Dysfunction in the workplace

I find myself preparing a talk on the Christian attitude towards work, to be given in a couple of weeks time at Highfields Church as part of our ‘Life on the Frontline’ series.

Kevin Moss | 22:15, 2nd June 2013

What Are People For - Wedall BerryAs I marshall my thoughts, I'm reading Tim Keller's excellent little volume, 'Every Good Endeavour'.  Keller's real gift lies in bringing together ideas and resources from such a wide range of sources, and presenting key principles so clearly and simply.

Inevitably, as one's mind runs along a particular set of tracks, in the process of preparation, one encounters examples of precisely the kinds of principle that Keller outlines in his book.  Hence, in the Telegraph Magazine of 18th May, there's a feature on the surgeon, and fiction author, Gabriel Weston.  In discussing her pull away from NHS work, the article includes this significant gem:

She thinks the NHS has become too defensive and management-led, and she tires of all the bureaucracy, such as 40-page appraisal forms.  'Nothing in those forms is actually about someone watching you being a doctor and seeing if you're any good; it's about whether you're up to date on equality and diversity and if you've done level 2 child-protection.  It's just bulls**t, because if you're a bigot it doesn't matter if you've passed equality and diversity; you're still a bigot.  If I was working full-time in the NHS now I would be going out of my mind.'

I know plenty of healthcare professionals who would echo 'Amen' to that kind of statement – indeed, exactly the same kind of deadening compliance culture now afflicts almost every area of the workplace, irrespective of where you work, or how far up the greasy pole you've climbed.  The sad, almost frightening thing is that this kind of discovery is not a new thing at all.  Dorothy L. Sayers, writing in 1949 ('Creed or Chaos?') says,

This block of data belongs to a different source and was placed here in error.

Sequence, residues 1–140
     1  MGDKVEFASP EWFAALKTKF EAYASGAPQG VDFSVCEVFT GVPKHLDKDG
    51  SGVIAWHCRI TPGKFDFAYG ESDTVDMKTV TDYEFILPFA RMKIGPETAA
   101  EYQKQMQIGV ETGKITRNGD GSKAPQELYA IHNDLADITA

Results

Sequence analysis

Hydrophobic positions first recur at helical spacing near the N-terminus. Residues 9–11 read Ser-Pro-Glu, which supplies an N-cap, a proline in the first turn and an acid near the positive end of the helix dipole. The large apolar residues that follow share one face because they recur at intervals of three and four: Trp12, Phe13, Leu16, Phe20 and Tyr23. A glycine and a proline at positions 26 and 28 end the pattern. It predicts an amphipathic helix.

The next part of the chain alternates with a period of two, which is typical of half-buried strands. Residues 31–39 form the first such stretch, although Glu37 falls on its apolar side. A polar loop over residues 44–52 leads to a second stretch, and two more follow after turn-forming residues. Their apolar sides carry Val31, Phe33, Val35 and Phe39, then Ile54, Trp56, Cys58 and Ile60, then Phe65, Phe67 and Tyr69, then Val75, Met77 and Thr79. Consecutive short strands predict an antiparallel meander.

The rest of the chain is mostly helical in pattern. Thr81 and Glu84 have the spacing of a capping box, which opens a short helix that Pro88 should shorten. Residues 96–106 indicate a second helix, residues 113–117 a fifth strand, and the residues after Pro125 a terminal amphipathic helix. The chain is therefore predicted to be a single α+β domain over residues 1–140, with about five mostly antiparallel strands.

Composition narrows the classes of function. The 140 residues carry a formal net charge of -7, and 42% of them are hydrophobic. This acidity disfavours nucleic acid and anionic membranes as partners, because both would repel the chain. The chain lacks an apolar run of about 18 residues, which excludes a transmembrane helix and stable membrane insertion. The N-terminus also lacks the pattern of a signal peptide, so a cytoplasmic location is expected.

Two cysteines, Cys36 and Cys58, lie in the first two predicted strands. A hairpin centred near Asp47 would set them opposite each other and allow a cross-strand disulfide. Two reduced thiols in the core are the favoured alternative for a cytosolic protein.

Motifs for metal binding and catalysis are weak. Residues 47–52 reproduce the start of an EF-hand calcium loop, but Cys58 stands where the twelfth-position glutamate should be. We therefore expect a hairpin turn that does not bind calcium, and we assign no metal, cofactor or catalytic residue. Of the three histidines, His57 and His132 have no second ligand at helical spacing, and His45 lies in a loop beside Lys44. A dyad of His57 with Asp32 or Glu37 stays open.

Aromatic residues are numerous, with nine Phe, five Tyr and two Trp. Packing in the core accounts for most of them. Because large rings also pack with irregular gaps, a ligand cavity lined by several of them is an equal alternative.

"Doctors practice medicine not primarily to relieve suffering, but to make a living – the cure of the patient is something that happens on the way.  Lawyers accept briefs not because they have a passion for justice, but because the law is the profession which enables them to live."

Of course, these are generalisations, and no doubt there will be the inevitable exceptions – but I think the broad principle is pertinent.  When work is seen 'merely' (or even primarily) as a means to an end – weekends, holidays, and all the enjoyable stuff that is not, by definition, 'work', then it may so quickly degenerate into processes, procedures, rules, rulebooks and compliance.  It is significant that this kind of culture comes from an ideology which is utterly antithetic to Christian belief – an ideology which does not view human beings as unique individuals, created in the image of God, but rather merely as ‘bricks in the wall’ (thank you, Roger Waters), or cogs in a larger machine that churns and grinds without any real ultimate purpose.  And so, patients are shoehorned into diagnostic processes, in the same way that nurses are shoehorned into management processes.

It is intriguing to encounter an article by Mark Addis (Birmingham City University Professor of Philosophy) in the March/April 2013 edition of Philosophy Now, entitled 'Philosophy in the Workplace'.  Addis, rightly, sees a place for philosophy to engage with what goes on in the workplace – yet it is significant that the one 'osophy'which increasingly is becoming outlawed from that context is Christian belief itself, driven underground by the precious, self-protective humanism which now dominates the civic arena.  Secularism shackles human beings to be drudges, slaves to the machine, whereas Christian theology shows that we discover our true identity and self-worth outside of the arena of labour, competition and compliance, through new life in Christ.

"Good work finds the way between pride and despair…It graces with health.  It heals with grace…It preserves the given so that it remains a gift…By it, we lose loneliness: we clasp the hands of those who go before us, and the hands of those who come after us; we enter the little circle of each other’s arms, and the larger circle of lovers whose hands are joined in a dance, and the larger circle of all creatures, passing in and out of life, who move also in a dance, to a music so subtle and vast that no ear hears it except in fragments."

(Wendell Berry, 'What Are People For?')

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